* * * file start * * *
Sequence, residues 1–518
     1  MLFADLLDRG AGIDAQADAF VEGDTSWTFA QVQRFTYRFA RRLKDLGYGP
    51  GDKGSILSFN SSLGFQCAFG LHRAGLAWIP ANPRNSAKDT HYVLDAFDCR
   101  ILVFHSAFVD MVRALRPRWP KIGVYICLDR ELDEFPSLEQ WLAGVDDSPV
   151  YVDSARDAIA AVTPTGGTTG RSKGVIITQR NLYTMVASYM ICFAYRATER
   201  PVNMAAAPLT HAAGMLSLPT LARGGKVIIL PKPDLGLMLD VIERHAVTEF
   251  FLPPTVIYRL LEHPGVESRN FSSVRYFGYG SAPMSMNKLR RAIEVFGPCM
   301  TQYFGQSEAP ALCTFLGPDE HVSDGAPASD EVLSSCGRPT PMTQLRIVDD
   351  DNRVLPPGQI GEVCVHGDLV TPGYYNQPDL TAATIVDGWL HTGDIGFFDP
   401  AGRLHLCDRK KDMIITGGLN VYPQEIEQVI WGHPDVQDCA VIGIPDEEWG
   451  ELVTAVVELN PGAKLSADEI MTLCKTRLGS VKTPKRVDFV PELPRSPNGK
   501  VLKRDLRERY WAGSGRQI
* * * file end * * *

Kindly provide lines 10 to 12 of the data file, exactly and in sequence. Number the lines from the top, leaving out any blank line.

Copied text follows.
   401  AGRLHLCDRK KDMIITGGLN VYPQEIEQVI WGHPDVQDCA VIGIPDEEWG
   451  ELVTAVVELN PGAKLSADEI MTLCKTRLGS VKTPKRVDFV PELPRSPNGK
   501  VLKRDLRERY WAGSGRQI